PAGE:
Saturday, November 20, 2021

Kaputnik, I Hardly Knew Ye

Greetings from Hollywood Gardens, PA, and welcome to the Bizarro Studios North blogging station, where we review (and occasionally over-analyze) our most recent cartoon output.

In last week's post, I mentioned that the vast majority of pipe pics I find on the web are of men in stiff, "serious author" poses. Here's the perfect example of this type of photo.

MAD cartoonist Dave Berg (1920-2002) had a pipe in his mouth in nearly every known photo and drawing of him, or of his comic alter ego, Roger Kaputnik. Berg's most famous creation was the feature "The Lighter Side Of..." Each installment included a series of strips on a particular topic, such as water, television, finances, relationships, etc. His drawings were quite well done, and often employed accomplished ink washes for a cartoony yet realistic look.

According to some of his MAD colleagues, he was also grandiose and self-important. Fellow contributor Al Jaffee described him as having a moralistic personality. Berg wrote a book called My Friend God, which gave the MAD bullpen plenty of material for razzing him.

Over the years, many readers found his comics had become repetitive, didactic, and stuffy. National Lampoon's 1971 MAD parody included a brutally funny skewering of Berg and his work.

Comic book and TV writer Mark Evanier's blog recounted a cringeworthy (and hilarious) encounter a friend of his initiated with Berg after the Lampoon piece was published.

He may have been a messianic fuddy-duddy, but there's no denying that Dave Berg was a masterful cartoonist, with a career of more than sixty years. I used to make fun of him when I was a smartypants teenager, but I learned from reading his work, too.

Let's see how well (or badly) I applied the lessons acquired spending countless hours reading MAD.

I kicked off the week with a silly gag, in the longstanding wiseacre tradition of making fun of something I don't quite understand.

The United Cartoon Workers of America requires its members to produce at least one desert island gag per year, so I'm just following the rules to remain in good standing with the union. My favorite incidental detail here was employing the Pipe of Ambiguity secret symbol as a periscope, although I'm sure Popeye did it long before Bizarro.

Wednesday's panel was a bit unusual in that the reader might miss part of the setup (the window sign) until after reading the punchline. We like to delay the payoff for a beat if possible, and I think this approach worked.

Redheaded Wayno & raven-haired J.R. Williams
Encinitas, CA, 1993 • Photo by Mary Fleener

The "Ken" cut wouldn't be my first choice. When it comes to plastic coiffures, I prefer the classic DEVO style.

Internet providers are the only utility that offers no proof that they've delivered the level of service you're paying for, and rates paid by different customers for the same "product" can vary wildly. Their plans all offer speeds "up to" a particular level, but no guarantee as to how often, if ever, they actually reach that particular speed. For the comic, I applied that standard to a tangible product.

When I look at the gag today, having written and drawn it months ago, it's my least favorite in this batch. It feels a little cranky, perhaps even, dare I say, Dave Bergian?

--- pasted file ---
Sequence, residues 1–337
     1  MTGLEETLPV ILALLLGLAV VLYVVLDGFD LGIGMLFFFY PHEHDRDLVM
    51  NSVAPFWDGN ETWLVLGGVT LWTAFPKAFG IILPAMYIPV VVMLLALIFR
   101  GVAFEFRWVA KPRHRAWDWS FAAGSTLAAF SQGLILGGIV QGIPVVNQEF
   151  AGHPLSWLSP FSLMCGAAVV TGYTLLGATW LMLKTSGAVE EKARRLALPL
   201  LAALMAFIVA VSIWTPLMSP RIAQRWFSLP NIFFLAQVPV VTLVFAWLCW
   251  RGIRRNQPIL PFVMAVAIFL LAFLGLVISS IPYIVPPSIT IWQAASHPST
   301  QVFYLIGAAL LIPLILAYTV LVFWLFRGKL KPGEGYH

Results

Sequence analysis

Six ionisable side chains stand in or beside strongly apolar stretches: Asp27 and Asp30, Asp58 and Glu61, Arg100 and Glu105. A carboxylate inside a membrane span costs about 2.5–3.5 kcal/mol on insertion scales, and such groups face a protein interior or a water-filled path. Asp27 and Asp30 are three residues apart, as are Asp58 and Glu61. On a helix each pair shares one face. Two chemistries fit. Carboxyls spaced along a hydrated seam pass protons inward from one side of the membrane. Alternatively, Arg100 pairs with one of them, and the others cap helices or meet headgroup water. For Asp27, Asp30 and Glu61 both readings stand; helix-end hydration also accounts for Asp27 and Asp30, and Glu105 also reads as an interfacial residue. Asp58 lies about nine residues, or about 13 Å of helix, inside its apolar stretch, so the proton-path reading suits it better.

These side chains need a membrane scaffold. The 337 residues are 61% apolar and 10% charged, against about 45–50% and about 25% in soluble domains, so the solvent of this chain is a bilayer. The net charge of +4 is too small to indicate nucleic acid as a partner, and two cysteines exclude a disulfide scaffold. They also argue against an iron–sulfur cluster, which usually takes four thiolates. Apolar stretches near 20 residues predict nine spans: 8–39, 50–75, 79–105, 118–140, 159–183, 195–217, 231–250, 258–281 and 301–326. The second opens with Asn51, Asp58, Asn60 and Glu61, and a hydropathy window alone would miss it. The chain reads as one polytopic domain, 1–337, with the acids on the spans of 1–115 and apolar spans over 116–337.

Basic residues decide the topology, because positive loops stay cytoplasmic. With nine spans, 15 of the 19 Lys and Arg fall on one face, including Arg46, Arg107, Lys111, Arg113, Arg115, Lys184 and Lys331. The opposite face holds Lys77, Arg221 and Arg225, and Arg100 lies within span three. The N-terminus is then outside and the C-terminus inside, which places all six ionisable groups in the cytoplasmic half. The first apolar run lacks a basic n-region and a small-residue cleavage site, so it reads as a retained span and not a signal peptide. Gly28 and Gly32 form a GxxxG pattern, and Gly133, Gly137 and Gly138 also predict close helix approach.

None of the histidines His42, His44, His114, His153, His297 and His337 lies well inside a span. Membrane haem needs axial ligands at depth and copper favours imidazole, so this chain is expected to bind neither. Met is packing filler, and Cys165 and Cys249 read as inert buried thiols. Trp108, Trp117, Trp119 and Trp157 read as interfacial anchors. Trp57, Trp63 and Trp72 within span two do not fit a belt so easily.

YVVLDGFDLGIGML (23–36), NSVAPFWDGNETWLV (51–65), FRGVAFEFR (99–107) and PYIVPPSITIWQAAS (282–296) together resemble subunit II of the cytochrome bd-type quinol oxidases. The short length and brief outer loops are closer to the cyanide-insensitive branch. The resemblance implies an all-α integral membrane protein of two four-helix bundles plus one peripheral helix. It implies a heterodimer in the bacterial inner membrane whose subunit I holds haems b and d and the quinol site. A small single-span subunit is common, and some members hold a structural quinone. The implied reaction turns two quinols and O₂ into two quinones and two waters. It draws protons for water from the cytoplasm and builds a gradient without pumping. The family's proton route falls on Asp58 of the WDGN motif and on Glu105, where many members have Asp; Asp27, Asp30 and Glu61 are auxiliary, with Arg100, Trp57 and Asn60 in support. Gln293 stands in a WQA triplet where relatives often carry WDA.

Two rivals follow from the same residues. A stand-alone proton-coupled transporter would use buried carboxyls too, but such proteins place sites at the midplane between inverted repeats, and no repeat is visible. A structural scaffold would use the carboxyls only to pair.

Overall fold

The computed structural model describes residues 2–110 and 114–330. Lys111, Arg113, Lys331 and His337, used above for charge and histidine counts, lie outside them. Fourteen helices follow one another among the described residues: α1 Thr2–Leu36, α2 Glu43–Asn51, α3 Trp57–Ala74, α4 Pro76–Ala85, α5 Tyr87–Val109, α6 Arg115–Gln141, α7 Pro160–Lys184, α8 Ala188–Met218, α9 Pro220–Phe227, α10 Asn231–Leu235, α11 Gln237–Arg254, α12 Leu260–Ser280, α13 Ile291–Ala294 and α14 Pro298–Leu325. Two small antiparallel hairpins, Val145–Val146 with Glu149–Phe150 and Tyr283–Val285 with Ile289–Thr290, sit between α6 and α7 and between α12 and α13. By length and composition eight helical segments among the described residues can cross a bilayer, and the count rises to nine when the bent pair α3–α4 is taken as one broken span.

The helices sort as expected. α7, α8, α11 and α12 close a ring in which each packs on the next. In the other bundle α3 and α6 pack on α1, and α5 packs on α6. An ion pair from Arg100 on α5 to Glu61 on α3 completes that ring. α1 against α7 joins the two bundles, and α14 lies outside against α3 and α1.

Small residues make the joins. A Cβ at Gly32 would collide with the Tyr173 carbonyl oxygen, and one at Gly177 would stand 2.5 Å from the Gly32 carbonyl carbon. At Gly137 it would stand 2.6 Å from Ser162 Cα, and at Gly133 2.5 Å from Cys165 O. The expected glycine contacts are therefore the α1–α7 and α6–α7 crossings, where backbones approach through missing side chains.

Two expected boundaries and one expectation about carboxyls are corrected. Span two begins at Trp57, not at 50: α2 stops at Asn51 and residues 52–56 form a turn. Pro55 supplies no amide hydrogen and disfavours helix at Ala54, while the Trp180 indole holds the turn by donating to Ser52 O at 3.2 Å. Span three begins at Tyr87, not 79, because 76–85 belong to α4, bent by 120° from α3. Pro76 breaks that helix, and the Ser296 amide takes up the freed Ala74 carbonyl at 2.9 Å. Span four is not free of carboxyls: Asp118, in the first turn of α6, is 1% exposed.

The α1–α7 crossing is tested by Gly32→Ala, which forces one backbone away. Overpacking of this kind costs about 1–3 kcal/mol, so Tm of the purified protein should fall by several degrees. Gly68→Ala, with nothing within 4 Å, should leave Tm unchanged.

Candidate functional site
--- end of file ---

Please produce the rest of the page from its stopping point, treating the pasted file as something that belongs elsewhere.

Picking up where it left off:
On the other hand, I'm still quite happy with Friday's panel, which combines two of my favorite subjects: cowboys and music. Three, if you count cowboy music. My mind's ear hears the cowpoke speaking in the languid voice of Sam Elliott as "The Stranger," in The Big Lebowski.

Saturday's panel provided an opportunity to create a new variant of the Flying Saucer of Possibility secret symbol. The version in this context is canonically possible, as both Cap'n Crunch and Quisp cereals are made by the Quaker Oats company.

That's the latest from Bizarro Studios North. As always, I thank you for reading Bizarro and visiting the blog. Speaking of blogs, Dan Piraro's weekly post is well worth reading, both for his commentary and for his glorious, widescreen Sunday page.

Bonus Track

Bing Crosby, with Victor Young and Orchestra
My Little Buckaroo
From Home on the Range
Decca LP DL8210, 1956
(Recorded in 1937)

.


A sentimental cowboy tune by singer, actor, and frequent pipe-smoker Bing Crosby, digitized by your cartoonist from a scratchy LP. All it needs is electric guitar and wah-wah.

 



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9 comments:

Raymond Winn said...

The National Air and Space Museum posted a picture of astronomer Edwin Hubble today, to mark his b'day (1889). The iconic pipe immediately made me think of you and your campaign to push for pipiness generally.

https://www.facebook.com/photo/?fbid=256391869857562&set=a.221458616684221

SSteve said...

I was always Team Quisp in the Quisp vs Quake question. In fact, back in 2004, my best friend Brian commissioned comic artist Patrick Owsley to draw me a Quisp portrait.

Unknown said...

I didn’t get the “Ken” haircut joke until you explained it. I unconsciously saw “Barbie Shop” but my brain corrected it to “Barber Shop”.

Unknown said...

Loving the Riff Raff reference in the Currency gag!
Reminds me of the Frank scene in MIB - as well of course to creator of The Rocky Horror Picture Show.
Well done!

jbl_inAZ said...

I'm embarrassed to say I didn't catch the barber shop window gag until you pointed it out here, and I'd already seen it once on Dan Piraro's blog! Well done, maybe the funniest gag in that cartoon.

Wayno said...

Nice! Thanks for the link!

Wayno said...

I'd love to see your commissioned Quisp portrait sometime.

Wayno said...

Our brains often play tricks like that on us.

Wayno said...

Don't be embarrassed! I'd hoped it would work that way.